Innovative techniques for extending the range and node limits in Bluetooth-based wireless sensor networks
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Wireless networks for sensor applications are required to support an adequate data throughput, range, node density and must consume as little power as possible. The Bluetooth specification has been designed for low power, medium data rate, cable replacement solutions and is therefore useful for wireless sensor networks. However it has a limitation of a maximum number of eight active devices per Bluetooth network (piconet). To be useful in wireless sensor networks a Bluetooth piconet requires a means to communicate to more than the maximum of eight active devices. This paper demonstrates techniques for expanding the usefulness of Bluetooth for wireless sensor networks. This has been done by using multiple access points, sharing the active member addresses of the Bluetooth piconet and utilising multiple piconet and scatternet tree structures. A comparison of existing piconet handoff mechanisms has been conducted and these have been evaluated for feasibility with the available hardware's limitations. Scatternet and piconet sharing mechanisms have been developed that allow a Bluetooth structure to support more than eight devices. These structures have been implemented with existing Bluetooth hardware and are compared via theoretical simulation and experimental results. The developed network of multiple Bluetooth access points combined with the developed Bluetooth structures provides several wireless networks suitable for sensor applications.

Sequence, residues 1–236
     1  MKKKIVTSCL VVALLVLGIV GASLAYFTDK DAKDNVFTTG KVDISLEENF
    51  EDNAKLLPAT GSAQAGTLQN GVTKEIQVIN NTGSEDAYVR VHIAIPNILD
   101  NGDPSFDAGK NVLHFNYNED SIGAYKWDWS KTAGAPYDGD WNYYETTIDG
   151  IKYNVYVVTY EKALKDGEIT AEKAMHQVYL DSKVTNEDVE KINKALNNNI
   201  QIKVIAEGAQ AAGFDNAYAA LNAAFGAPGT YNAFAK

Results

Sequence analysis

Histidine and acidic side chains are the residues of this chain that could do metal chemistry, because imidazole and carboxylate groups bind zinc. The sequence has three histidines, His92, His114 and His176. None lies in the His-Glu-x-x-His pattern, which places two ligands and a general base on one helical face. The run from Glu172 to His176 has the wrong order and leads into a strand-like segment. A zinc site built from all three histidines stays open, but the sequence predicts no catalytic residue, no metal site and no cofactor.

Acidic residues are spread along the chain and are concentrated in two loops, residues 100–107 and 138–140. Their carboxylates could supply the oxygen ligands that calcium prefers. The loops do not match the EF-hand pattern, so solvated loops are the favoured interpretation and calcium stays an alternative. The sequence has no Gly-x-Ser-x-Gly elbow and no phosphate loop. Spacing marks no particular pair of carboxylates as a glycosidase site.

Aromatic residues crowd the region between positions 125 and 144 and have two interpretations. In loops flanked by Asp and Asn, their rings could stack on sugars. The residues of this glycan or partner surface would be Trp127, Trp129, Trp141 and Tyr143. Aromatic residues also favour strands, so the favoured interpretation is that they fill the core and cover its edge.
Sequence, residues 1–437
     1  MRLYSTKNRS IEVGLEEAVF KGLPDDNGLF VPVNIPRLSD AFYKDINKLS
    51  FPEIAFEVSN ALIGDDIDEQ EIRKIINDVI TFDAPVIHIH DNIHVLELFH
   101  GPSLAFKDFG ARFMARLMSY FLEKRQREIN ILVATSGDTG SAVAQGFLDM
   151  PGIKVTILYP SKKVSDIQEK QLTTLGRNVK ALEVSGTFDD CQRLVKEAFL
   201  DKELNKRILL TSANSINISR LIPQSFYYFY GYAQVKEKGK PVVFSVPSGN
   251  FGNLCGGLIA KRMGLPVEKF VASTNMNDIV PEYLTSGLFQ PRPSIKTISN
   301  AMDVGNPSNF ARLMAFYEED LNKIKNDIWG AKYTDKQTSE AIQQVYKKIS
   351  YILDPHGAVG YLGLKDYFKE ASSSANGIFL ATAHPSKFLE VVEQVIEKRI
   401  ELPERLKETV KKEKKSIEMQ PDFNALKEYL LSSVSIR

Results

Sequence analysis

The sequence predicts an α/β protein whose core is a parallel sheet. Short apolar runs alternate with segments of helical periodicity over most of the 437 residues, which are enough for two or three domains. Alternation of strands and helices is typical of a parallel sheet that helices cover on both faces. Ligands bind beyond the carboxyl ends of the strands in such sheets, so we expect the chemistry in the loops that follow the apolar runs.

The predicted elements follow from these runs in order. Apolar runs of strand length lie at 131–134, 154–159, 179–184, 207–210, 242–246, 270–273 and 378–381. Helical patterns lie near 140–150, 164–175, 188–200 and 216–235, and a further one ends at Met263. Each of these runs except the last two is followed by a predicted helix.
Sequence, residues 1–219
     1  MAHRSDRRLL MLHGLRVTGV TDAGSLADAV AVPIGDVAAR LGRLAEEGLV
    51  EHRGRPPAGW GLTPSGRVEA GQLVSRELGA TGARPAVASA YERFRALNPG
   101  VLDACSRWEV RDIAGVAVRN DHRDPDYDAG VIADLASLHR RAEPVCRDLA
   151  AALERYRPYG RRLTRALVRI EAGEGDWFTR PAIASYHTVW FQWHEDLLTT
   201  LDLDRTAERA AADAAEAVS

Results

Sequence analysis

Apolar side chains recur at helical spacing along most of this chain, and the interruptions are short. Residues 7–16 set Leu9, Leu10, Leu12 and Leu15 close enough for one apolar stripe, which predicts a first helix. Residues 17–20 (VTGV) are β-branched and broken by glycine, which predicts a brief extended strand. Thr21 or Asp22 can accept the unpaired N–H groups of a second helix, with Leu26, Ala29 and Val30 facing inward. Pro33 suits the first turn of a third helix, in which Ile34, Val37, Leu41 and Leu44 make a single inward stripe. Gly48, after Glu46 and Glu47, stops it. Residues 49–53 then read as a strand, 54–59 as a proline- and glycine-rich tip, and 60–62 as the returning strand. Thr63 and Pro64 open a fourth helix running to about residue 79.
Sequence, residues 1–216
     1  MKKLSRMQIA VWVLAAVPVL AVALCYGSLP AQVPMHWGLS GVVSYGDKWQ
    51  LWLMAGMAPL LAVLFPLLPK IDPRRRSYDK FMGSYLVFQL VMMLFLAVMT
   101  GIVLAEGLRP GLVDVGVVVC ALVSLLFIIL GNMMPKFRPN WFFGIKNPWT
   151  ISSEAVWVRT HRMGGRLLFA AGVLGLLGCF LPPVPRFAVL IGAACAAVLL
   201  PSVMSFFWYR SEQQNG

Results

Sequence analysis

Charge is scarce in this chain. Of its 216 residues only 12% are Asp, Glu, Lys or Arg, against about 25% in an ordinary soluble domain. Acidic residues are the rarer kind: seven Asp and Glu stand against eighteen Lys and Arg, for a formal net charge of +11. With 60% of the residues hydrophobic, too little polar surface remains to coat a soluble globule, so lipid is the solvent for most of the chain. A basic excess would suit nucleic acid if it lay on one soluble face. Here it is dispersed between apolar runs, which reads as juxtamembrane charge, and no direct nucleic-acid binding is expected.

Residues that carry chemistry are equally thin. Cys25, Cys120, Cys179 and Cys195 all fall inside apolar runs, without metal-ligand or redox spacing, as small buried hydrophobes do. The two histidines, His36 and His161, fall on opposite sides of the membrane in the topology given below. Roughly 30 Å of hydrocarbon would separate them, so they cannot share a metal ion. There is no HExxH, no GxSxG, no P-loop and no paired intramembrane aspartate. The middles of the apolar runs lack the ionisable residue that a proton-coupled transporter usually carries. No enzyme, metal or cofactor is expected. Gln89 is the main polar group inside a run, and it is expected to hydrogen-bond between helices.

Proceedings of SPIE on CD-ROM: Microelectronics, MEMS, and Nanotechnology